In Wonderland everything has the potential to be food, even non-edible items. The characters form a simple, somewhat idiotic, pattern that combines food with whatever is at hand. For example, during the tea party the Mad Hatter?s watch is smothered with butter. This implies that WATCH=TOAST, which becomes clearer when the watch is dipped in the cup of tea. (Roncada 57) This begins a new pattern of events which could be formulated as-food on object-object is food. The Doormouse himself, who also has been in contact with food (tea had been dipped on his nose) is eventually dipped in the teapot as well. As the tea party continues, the relationship between food, objects, and characters mingle further until no definition of eatable and drinkable exist. This is seen finally as the Mad Hatter takes a bite from his tea cup. It is here that Alice begins to accept food as a factor able to influence one?s character: ?Maybe it?s always pepper that makes people hot-tempered?and vinegar that makes them sour?and camomile that makes them bitter?and ?barley-sugar and such that make children sweet tempered.? (73)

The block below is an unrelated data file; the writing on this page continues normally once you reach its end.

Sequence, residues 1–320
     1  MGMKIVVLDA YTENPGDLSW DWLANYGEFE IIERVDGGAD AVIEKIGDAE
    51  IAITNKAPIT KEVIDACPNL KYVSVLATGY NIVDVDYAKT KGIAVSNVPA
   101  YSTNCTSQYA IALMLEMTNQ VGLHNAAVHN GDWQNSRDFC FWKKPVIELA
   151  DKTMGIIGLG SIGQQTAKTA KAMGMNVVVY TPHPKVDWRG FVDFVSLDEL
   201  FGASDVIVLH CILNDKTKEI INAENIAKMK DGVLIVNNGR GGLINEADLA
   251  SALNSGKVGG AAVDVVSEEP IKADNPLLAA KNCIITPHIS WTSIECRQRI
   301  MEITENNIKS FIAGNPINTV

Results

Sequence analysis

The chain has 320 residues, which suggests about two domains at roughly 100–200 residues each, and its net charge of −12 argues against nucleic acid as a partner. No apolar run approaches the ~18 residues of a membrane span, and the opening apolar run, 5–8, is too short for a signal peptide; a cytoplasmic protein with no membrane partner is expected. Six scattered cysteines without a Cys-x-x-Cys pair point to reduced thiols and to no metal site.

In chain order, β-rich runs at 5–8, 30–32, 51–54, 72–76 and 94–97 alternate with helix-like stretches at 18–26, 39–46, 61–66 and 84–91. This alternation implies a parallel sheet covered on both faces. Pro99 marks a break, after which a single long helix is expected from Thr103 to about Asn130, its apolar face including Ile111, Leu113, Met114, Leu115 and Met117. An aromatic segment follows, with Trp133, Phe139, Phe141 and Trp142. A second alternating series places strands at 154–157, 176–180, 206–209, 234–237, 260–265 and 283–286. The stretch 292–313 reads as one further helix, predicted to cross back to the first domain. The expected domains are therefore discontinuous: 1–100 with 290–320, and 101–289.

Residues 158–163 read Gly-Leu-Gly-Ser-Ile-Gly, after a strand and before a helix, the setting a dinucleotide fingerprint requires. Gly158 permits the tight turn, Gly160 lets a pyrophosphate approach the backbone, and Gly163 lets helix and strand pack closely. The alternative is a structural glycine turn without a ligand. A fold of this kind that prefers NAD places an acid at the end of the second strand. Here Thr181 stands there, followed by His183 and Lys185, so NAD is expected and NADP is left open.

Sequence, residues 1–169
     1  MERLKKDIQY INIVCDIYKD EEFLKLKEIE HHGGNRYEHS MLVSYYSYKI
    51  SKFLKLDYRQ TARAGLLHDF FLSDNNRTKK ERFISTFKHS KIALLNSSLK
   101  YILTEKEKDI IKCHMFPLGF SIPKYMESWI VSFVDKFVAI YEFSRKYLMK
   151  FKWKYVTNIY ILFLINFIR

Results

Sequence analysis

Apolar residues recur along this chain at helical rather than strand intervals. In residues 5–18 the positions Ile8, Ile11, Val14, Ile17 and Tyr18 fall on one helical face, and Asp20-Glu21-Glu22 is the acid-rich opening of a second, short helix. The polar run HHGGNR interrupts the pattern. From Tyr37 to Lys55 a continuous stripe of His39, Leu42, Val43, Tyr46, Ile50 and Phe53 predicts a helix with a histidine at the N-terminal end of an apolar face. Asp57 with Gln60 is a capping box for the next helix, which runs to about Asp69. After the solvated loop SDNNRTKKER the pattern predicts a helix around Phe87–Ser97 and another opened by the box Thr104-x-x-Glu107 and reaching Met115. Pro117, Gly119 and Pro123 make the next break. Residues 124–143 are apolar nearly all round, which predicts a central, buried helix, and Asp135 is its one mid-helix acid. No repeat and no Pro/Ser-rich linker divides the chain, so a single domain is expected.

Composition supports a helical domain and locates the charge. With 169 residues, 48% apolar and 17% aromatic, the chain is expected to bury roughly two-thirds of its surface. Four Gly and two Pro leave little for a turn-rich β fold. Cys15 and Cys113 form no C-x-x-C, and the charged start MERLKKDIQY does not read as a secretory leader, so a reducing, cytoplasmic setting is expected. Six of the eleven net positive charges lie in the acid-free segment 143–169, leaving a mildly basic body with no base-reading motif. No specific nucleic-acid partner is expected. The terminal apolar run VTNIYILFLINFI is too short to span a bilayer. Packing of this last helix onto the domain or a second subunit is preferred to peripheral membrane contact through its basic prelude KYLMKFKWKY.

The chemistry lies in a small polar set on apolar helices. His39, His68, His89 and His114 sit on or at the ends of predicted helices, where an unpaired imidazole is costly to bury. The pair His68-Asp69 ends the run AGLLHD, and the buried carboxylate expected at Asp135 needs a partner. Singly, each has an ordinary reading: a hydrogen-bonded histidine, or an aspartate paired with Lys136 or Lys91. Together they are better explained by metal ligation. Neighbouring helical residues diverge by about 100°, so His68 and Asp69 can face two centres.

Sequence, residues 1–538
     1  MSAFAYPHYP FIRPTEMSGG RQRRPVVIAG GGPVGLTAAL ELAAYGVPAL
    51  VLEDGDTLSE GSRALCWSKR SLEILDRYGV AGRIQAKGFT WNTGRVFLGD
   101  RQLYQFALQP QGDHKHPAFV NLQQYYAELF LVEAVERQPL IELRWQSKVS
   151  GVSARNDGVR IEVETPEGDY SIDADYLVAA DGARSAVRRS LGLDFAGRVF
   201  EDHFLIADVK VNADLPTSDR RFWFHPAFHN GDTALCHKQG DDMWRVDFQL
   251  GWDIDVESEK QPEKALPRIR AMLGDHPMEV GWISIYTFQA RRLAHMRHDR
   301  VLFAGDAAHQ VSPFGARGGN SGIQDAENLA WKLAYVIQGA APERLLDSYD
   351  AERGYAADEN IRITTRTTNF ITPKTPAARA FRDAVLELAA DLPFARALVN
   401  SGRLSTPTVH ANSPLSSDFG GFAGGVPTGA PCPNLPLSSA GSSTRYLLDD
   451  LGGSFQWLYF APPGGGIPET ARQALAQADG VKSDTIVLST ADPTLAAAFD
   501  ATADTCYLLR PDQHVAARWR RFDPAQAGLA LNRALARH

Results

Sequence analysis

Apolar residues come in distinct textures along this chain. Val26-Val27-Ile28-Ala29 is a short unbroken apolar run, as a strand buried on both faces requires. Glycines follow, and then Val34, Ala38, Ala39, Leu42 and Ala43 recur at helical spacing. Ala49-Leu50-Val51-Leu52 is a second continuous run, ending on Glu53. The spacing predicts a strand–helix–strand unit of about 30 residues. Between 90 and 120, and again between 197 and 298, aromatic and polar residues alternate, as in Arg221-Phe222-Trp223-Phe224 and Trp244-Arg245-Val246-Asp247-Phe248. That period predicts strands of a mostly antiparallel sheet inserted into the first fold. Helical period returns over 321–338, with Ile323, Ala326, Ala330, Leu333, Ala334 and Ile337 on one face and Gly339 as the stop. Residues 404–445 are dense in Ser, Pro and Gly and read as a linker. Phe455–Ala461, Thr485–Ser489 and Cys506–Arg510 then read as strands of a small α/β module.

There is a special pattern through which Alice treks through Wonderland. Her journey begins at the riverbank, she falls down the rabbit hole into a long narrow hall, and from there she enters an open pool. This ?open outside to closed inside? pattern is a constant through Wonderland. (Brandt 4) Also, she is constantly separated from spatial objects by her size. In the hall, it is impossible for Alice to reach the garden because of her size. For a rational person, with an unstable body, transferring from the hall to the garden would be easy. However, Alice takes things as they come at this point in time and simply says ?oh well? to the fact that she was the wrong size for the door, (as any child would). Her size control system at this point in time is bottle (liquid, wet) shrink vs. cake (dry) grow. The rabbit?s fan also turns out to be a shrinking operator. At this point in time Alice also looses linguistic control and begins speaking homophonic nonsense to insult the mouse, ?tale?tail?not?knot?. (Brandt 5)